The names of people who drowned in the River Torrens would fill a book. Many of them were children, and although few could swim they found their way towards the water. On a Sunday afternoon in November, Henry Charles Etheridge, aged nine, and his brother Edward, seven, left their home on the Parade at Norwood and went to the river near Hackney Bridge. Neither boy could swim. The younger boy entered the water and at once sank to the bottom. His brother jumped in to save him, and he, too, disappeared.
Some small boys who were on the riverbank noticed what had happened and raised the alarm. Three lads of about eighteen rushed to assist – Charles Veitch, Clem Hill, and Herbert Leslie. They stripped off and leapt into the water, and after several dives the body of the older boy was found, soon followed by that of his brother. Charles Veitch brought them both to the surface; they had been in the water for twenty minutes. Three medical students came upon the scene, along with Dr Brummitt. Resuscitation was attempted for almost an hour, without success. The boys were the sons of Henry (Harry) Joseph Etheridge, a bootmaker, and his wife Mary Frances (Minnie).
Money to fund a headstone was collected by a Mr Blunt, and in February 1903 it was unveiled by the mayor of Norwood. The monument of white marble stood seven-and-a-half feet high and was surmounted by a cross; the grave was enclosed by an iron fence. At the unveiling ceremony much was made of the older boy’s heroism in sacrificing his life to try and save his brother. It was good to die for another, the mayor said, but he hoped everyone would remember that it was good to live for each other, hence the sympathy and goodwill evident in the memorial designed by Mr Blunt.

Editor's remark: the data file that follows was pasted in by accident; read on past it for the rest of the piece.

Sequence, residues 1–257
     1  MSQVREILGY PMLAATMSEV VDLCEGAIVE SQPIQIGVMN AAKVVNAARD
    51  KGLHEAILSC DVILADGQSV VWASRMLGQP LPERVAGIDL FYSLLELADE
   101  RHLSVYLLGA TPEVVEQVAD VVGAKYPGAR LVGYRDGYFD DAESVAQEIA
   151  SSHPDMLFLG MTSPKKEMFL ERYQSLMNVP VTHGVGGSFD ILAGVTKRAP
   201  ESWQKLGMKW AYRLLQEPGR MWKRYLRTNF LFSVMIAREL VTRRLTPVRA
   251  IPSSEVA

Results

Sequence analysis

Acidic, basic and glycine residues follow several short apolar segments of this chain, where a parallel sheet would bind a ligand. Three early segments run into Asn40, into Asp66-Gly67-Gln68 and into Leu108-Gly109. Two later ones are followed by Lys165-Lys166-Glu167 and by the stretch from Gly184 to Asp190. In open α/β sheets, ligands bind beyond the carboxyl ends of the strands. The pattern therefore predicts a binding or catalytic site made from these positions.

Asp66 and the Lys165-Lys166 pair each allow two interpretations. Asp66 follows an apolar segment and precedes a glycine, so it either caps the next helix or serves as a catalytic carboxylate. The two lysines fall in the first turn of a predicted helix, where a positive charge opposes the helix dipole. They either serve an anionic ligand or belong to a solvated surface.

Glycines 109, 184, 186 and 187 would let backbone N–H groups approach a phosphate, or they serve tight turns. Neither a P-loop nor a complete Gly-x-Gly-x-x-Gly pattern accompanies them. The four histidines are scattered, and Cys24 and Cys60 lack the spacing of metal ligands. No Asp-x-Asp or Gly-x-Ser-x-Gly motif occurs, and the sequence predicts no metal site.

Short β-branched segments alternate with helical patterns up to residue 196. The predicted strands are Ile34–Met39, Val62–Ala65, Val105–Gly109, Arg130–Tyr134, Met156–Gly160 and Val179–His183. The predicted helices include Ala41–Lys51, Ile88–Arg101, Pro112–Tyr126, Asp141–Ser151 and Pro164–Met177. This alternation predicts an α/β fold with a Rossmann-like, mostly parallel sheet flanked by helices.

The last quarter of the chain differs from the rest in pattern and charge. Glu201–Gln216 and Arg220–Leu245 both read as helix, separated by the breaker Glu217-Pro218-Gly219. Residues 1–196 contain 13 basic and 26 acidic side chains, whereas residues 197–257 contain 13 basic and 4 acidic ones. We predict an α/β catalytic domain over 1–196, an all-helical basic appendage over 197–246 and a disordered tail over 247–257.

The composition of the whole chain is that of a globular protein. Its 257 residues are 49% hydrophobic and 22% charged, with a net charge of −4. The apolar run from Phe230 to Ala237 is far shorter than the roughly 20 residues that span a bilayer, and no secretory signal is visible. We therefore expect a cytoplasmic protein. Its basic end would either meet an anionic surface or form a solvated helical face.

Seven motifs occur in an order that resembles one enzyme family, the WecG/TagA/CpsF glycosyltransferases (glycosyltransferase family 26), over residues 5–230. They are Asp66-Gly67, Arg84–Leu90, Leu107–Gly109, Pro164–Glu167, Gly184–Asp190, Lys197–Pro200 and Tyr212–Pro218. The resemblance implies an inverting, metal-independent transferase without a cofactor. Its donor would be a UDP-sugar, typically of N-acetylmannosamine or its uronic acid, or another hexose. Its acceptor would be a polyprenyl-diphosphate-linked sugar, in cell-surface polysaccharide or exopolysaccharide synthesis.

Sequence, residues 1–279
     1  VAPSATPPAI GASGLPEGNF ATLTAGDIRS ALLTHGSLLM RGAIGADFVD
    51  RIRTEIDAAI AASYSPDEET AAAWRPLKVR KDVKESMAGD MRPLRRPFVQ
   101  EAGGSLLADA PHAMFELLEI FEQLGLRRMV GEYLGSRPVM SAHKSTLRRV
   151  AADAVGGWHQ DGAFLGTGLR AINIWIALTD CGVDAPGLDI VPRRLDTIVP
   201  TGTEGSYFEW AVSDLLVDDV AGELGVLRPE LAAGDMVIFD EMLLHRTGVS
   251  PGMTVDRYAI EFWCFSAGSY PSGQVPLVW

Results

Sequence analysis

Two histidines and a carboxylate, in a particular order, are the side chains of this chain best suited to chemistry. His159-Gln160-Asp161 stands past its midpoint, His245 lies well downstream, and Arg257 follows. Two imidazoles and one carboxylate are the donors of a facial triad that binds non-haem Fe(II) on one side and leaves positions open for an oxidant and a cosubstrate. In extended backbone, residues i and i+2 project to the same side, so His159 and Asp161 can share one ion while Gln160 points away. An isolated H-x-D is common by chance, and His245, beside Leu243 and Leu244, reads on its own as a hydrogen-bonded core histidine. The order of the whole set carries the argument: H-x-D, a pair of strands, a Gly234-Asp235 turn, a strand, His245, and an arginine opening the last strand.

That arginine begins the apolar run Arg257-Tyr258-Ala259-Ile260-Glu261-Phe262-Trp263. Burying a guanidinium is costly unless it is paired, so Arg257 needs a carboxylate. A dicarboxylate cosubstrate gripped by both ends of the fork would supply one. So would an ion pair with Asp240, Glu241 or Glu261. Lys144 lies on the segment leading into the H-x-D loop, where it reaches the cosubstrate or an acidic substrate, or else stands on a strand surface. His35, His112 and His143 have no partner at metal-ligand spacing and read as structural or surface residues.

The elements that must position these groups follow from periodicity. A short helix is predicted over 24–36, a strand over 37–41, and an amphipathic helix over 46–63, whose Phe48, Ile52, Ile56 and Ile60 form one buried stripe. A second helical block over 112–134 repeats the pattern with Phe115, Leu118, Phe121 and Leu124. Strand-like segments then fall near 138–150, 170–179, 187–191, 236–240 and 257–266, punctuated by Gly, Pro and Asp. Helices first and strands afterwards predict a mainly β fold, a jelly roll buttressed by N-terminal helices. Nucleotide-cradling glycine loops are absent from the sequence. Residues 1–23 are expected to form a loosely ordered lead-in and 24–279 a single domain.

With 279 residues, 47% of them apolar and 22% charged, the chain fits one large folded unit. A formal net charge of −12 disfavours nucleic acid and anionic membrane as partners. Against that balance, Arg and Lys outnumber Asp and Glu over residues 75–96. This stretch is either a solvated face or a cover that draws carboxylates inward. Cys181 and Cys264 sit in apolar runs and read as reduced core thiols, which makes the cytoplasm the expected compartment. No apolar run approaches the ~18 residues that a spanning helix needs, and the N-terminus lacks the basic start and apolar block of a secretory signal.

The following extract is taken from “Unhappy Women” in Quiet City by Carol Lefevre. Quiet City explores the extraordinary and unusual lives of the people now resting beneath the tombstones of West Terrace Cemetery. The illustration accompanying this extract is by Anthony Nocera. The launch will be taking place at West Terrace Cemetery on May 15 at 2pm. Carol will be leading a tour of the cemetery and taking us to some of her favourite grave sites.
Of all the unhappy women in West Terrace Cemetery, Winnie Goater stands out. At twenty-one she was already the mother of a three-year-old child and by September of 1906 she was, secretly, ‘in a certain condition’. At 2.30 on a Sunday afternoon, Winnie told her mother she was going out for a ‘walk with Will’ on the Unley Road and would be home in time for tea, and slipped out the front door of their house at 254 King William Street. It was the last time Mary Ann Goater would see her daughter alive.
At the beginning of September, Mary Ann had noticed that Winnie appeared pale and unwell and she had quizzed her about her relationship with the man she had been keeping company with for the past nine months: he was known to her as Will Cameron. Winnie had told her mother that there was no need to worry, that she was quite all right, but Mary Ann remained suspicious.
When Winnie did not return, her mother reported her missing. Mrs Goater had spoken to Will once when he called while Winnie was out, and asked him whether he had employment. Cameron had told her he was working for the government, fixing warning bells on the railways, so in the wake of her daughter’s disappearance Mrs Goater enquired after him at all the government offices. Eventually she tracked him to a house in Pirie Street, and when he opened the door, according to Cameron, she ‘started up at a terrible rate’, demanding to know whether Winnie was inside and accusing him of having ruined her daughter. Will Cameron was adamant that Winnie was not there and that he had not seen her since 13 September, when he took her to the Show.
‘But I’ll help you look for her,’ he said, ‘because she’s a nice little thing.’
William Cameron boxed clever, but Mrs Goater was having none of it. Somehow she forced him to accompany her to the’Detective Office’, where she insisted he account for his movements on the day of her daughter’s disappearance. Once there, Cameron suddenly denied that he had even accompanied Winnie to the Show. A furious Mrs Goater accused him of lying, and ‘ran him down to the lowest’. She would never give up the search, she said, until she found her daughter, dead or alive.
How those words must have rung later in Mrs Goater’s ears, for by then her daughter was dead, and had been buried at West Terrace Cemetery under the name of Mary Elliot.